The First Lady’s Travel Journal: Seeing the Terra Cotta Warriors in X’ian. Visiting The Xi’an City Wall.


 

By Jueseppi B.

2014-03-24T065636Z_01_PEK20_RTRIDSP_3_CHINA-USA-OBAMA

 

 

 

The First Lady’s Travel Journal: Seeing the Terra Cotta Warriors in X’ian

 

 

Note: This post is part of a series authored by First Lady Michelle Obama to share her visit to China with young people in the U.S. You can read all of the First Lady’s posts at WhiteHouse.gov/First-Lady-China-Trip.

 

This morning we left Beijing and flew for about two hours to Xi’an, a city of more than 7 million people in central China.  If Xi’an were in America, it would be the second-largest city in the country – trailing only New York City – but in China, a nation of more than 1 billion people, Xi’an isn’t even in the top ten.

 

After we arrived at the Xi’an Airport, we traveled to see the Terra Cotta Warriors, an underground army of thousands of life-sized soldiers made from terra cotta clay. These sculptures were hand-made over 2,000 years ago.  They surround the tomb of China’s first emperor, and it’s believed that they were created to protect him in the afterlife.

 

Scientists estimate that there are about 8,000 warriors in three different pits – and many of those warriors remain buried underground.  I actually had a chance to stand face-to-face with some of the warriors, and I saw that each one is incredibly unique, complete with its own lifelike facial expressions.  Some have beards and mustaches, and others have weapons like swords or spears.  Each one stands about six feet tall and can weigh more than 600 pounds.  Today, the warriors are primarily an army of gray – the color of the clay – but you can still see tiny remnants of what once was colorfully painted armor and clothing.

 

When you realize how carefully built each soldier is and how detailed their faces and weapons are; and when you learn that each arm, hand, leg and head was created separately, it’s no surprise that scientists believe that it took more than 30 years and 700,000 workers to build this army.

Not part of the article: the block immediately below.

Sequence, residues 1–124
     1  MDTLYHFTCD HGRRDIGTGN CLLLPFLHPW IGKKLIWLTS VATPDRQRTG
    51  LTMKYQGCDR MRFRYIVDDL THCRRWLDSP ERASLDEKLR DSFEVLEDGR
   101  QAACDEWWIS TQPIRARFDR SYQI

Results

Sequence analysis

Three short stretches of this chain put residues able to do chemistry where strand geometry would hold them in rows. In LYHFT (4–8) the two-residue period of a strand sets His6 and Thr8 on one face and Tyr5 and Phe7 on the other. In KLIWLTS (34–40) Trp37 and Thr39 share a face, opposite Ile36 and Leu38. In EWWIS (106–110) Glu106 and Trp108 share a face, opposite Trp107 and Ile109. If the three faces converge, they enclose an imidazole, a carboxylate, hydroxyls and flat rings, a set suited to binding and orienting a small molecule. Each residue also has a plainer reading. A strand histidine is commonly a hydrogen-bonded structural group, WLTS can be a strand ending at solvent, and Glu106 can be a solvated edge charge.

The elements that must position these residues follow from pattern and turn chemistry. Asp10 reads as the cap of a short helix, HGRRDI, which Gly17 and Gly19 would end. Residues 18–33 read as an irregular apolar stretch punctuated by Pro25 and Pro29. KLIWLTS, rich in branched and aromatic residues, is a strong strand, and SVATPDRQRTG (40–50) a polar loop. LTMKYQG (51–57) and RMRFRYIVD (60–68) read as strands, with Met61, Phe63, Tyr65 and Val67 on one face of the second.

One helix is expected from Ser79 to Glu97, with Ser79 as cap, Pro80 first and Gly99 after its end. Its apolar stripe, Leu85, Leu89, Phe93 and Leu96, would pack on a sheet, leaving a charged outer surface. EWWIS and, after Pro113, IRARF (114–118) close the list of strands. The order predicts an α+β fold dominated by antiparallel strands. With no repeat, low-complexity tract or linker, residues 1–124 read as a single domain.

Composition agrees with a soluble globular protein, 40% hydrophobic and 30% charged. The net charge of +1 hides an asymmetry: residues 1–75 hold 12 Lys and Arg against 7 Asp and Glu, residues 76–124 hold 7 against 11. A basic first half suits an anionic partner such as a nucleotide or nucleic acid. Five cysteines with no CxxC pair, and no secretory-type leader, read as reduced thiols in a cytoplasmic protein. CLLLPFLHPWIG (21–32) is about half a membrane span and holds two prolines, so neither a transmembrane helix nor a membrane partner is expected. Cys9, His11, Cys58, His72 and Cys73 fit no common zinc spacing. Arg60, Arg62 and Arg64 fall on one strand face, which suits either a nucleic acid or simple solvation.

Still, perhaps the most amazing thing about the Terra Cotta Warriors is that for two thousand years, they were a complete secret.  The warriors were buried and forgotten until 1974, when a group of farmers found the head of one of the soldiers when they were looking for a good spot to dig a water well.  That led archaeologists to uncover the underground army, which included not only clay soldiers, but also clay horses, wooden and bronze chariots and treasures of jade and gold.  The warriors were broken into pieces and had to be painstakingly pieced back together again.

 

Today, we saw both warriors that had been restored and many that were still in pieces (and we saw several archaeologists down in one of the pits gently unearthing even more warriors).

 

In the years since the Terra Cotta Warriors were discovered, the Chinese government built a museum that has allowed millions of tourists to visit them.  A few of the soldiers have even been exhibited outside of China. In fact, four years ago, 15 of them were shipped to Washington D.C. and put on exhibit at the National Geographic Museum, where visitors could come and see them face to face just like I did today.

 

 

greatwall

 

 

 

The First Lady’s Travel Journal: Visiting the Xi’an City Wall

 

 

Note: This post is part of a series authored by First Lady Michelle Obama to share her visit to China with young people in the U.S. You can read all of the First Lady’s posts at WhiteHouse.gov/First-Lady-China-Trip.

 

After seeing the Terra Cotta Warriors outside of Xi’an, we returned to the city to view the Xi’an City Wall.

 

The Xi’an City Wall is the oldest and largest surviving wall of its kind in China.  It’s a 40-foot tall rectangle that stretches for 8.5 miles.  At its base, the Wall is 50 or 60 feet wide.  At the top, it’s about 40 feet wide – wide enough for Xi’an residents and tourists to run, walk, or ride a bike around (it takes about four hours to walk the entire distance at a leisurely pace).  From the wall you can see the ancient Bell Tower, a beautiful building which marks the center of the ancient city.

 

Xi’an was once China’s capital city, and even after the capital was relocated, the city remained an important military stronghold for centuries.  Just like the Great Wall, the Xi’an City Wall was originally built for defense, with watchtowers and even a deep moat and drawbridges.  Parts of the wall date back to the seventh century, and the wall we know today was completed in the 14th century.  Since then, it has been refurbished three times – roughly once every two hundred years – in the late 1500s, the late 1700s and, most recently, in 1983.